No one could be blamed for missing them. With their nondescript Montegut, La., headquarters housed in an antiquated wooden warehouse behind a battered old gas station, there was little to identify the odd group of young people that cropped up in the spring of 2010. So no one minded too much when they spent a few months puttering around the yard among chunks of broken picket fence, handmade masks and thrift store clothes. Neighbors in the know said the kids were making a film, one expressing his hope that it wasn’t “another one of them swamp-thing horror movies.” Far from it. In fact, writer/director Benh Zeitlin had moved his tight-knit community of filmmakers down from New Orleans to make Beasts of the Southern Wild, the film that would take this year’s Sundance Film Festival by storm, winning Excellence in Cinematography and the Grand Jury Prize for Drama.
“You do these things, and you are doing them by sheer will,” Zeitlin says of his filmmaking process. And he must have a steely resolve indeed. He and his film collective, Court 13, began Beasts by breaking the cardinal rules of a college advisor—“Don’t shoot on the water. Don’t shoot with children, and don’t shoot with animals.” And if that wasn’t enough of a challenge, Zeitlin and company then faced shooting a film that took place largely on the water during one of the biggest natural disasters of our time—the BP oil spill.
“We were basically ground zero,” Zeitlin says, recalling filming during the spill. “We had to negotiate with BP to get to the other side of the boons, and we were out in this water that had been declared that it probably had oil in it. We were shooting this scene where the truck boat [a real, seaworthy vessel Beast’s crew made from the bed of a pick-up] was on fire. There was one time we ran out of lighter fluid and had to sub gasoline, and there was an explosion. [laughs] Someone had their eyebrows restyled, but they survived.”
Beasts, written by Zeitlin and playwright Lucy Alibar, takes place in The Bathtub, a society of slightly wild and fiercely independent people living in the bayou, outside the protection of the levees. The story centers on Hushpuppy (played by the pint-sized but powerful Quvenzhané Wallis) a young girl who lives there with her ailing father. Too young to understand what’s happening as her father’s health fails and natural disaster descends on her home, Hushpuppy feels responsible for the devastating storm that drives away all but The Bathtub’s most stubborn residents and threatens to wipe out their way of life for good. As her world crashes down around her and apocalyptic beasts make their way toward her home, Hushpuppy must find the strength to survive.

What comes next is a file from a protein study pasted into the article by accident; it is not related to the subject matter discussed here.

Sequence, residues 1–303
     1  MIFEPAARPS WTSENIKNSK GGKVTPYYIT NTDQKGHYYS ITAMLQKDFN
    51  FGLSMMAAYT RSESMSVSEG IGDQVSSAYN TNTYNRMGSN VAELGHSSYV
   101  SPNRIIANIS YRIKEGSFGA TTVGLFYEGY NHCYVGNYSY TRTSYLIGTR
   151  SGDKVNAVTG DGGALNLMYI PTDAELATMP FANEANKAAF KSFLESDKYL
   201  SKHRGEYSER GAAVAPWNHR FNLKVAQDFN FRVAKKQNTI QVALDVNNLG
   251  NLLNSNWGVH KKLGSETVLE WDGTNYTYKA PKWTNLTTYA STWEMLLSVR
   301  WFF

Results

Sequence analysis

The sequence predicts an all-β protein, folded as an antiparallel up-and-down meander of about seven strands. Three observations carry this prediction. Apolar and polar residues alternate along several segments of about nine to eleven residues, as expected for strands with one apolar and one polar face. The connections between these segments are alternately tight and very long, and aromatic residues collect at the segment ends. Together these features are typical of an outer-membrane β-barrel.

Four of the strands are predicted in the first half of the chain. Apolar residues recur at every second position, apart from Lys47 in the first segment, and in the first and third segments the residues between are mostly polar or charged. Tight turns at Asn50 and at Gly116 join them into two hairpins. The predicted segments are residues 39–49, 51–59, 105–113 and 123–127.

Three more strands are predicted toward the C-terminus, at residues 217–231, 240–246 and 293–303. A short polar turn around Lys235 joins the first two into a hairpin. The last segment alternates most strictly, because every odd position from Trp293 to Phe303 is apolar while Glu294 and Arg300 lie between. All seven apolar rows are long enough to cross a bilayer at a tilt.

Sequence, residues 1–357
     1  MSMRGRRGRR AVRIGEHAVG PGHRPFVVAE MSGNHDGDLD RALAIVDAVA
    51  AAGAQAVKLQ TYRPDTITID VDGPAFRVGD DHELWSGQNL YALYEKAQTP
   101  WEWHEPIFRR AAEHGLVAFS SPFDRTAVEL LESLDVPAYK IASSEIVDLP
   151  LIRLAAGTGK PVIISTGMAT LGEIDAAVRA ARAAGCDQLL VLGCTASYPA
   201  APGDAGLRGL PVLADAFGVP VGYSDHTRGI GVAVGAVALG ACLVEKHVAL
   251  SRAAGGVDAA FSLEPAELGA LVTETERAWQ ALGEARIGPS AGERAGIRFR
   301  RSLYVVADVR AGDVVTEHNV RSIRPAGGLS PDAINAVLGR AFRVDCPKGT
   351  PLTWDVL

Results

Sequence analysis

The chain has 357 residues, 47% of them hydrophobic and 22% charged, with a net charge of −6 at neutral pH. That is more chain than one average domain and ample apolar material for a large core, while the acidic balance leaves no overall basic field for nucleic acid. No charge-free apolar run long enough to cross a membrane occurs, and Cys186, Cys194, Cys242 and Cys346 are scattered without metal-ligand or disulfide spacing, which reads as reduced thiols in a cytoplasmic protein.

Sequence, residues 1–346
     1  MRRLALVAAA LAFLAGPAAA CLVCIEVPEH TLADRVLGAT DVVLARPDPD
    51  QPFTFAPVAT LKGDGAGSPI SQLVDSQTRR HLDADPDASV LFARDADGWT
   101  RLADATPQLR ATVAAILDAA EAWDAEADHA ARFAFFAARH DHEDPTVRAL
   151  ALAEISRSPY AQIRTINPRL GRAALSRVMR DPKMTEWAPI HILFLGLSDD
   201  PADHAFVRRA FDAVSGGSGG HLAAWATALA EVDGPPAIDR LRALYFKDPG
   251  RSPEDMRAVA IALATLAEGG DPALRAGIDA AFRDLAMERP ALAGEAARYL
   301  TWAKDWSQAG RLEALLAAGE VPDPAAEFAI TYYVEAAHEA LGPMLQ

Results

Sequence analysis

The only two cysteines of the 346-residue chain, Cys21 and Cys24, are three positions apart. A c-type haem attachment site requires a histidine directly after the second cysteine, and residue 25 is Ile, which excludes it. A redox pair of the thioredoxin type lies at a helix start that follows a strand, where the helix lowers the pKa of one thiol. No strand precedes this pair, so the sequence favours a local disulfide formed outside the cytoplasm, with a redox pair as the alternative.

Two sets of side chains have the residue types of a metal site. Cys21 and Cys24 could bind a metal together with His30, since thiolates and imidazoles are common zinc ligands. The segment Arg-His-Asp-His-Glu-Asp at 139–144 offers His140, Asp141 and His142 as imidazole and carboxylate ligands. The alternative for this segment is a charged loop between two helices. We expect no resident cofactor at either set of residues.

Wallis was only 5 when she was cast as Hushpuppy, after her mother took her to audition at the urging of a friend. Though Zeitlin originally conceived of the character as being much older, he says Wallis was the undeniable choice to play Hushpuppy, “a warrior in the part.” On screen, she seems quite precocious, infusing Hushpuppy with a hardiness and ferocity far beyond her years. Up against the formidable talent of Dwight Henry, who plays her hard-drinking, often angry but ultimately loving father, she holds her own in every scene. In fact, Wallis seems so strikingly wise beyond her years on screen, it can be a little jarring to realize she’s still just a kid. Now 8, she describes her favorite part of the film: “Whenever I was looking for my dad is my favorite part to watch,” she says of a scene early in the film, when Hushpuppy’s father disappears for days. “My voice was so small, and I don’t sound like that anymore.”
Wallis, Henry and much of the rest of the cast are non-actors, culled from the coastal Louisiana neighborhoods where the film was made. But their performances yield some of the most lovingly crafted and believable characters seen in a feature film in a long time. Zeitlin, who grew up in Queens, says this is no accident.
“I’m not from there,” he says. “As I’m teaching these roles to these actors, they are teaching me about their characters. They are helping me as a person and a writer to understand events and types of people that aren’t my upbringing. It’s an incredibly rich way of working and just on a life level, I love all the people in these films, and they are my great friends.”
This spirit of community is one of the things that led Zeitlin to make films in the first place, and it’s present across his oeuvre, including his Wholphin Award-winning short, Glory at Sea. “I saw a couple of films that spoke to me and the life that I could see behind films, the lifestyle that film had the potential to create,” Zeitlin says. “This is the way that I can keep all these different art forms in my life, and a venue for all the people I love to stay in my life.”
Zeitlin has indeed brought his friends along for the journey. Take Josh Ente, who left an apartment and a job as an animator in New York to join the art department for Beasts. “I’m doing something I believe in,” he said as he swatted mosquitos in a scuffed-up old recliner outside Court 13’s Montegut headquarters in 2010.
That’s the heart of Zeitlin’s strength as a leader and as a director. With his incredible passion and sheer force of will, he has created on the set of Beasts an environment where everyone is doing something they believe in, both in telling a compelling story and in creating the community they want to live in. “You get into making these things, consistently making reckless choices and walking in an unadvisable direction,” he says. “Somehow no one gets hurt and you land on your feet. It feels sometimes like you’re on the right path. If you live by the code, nothing will go wrong.”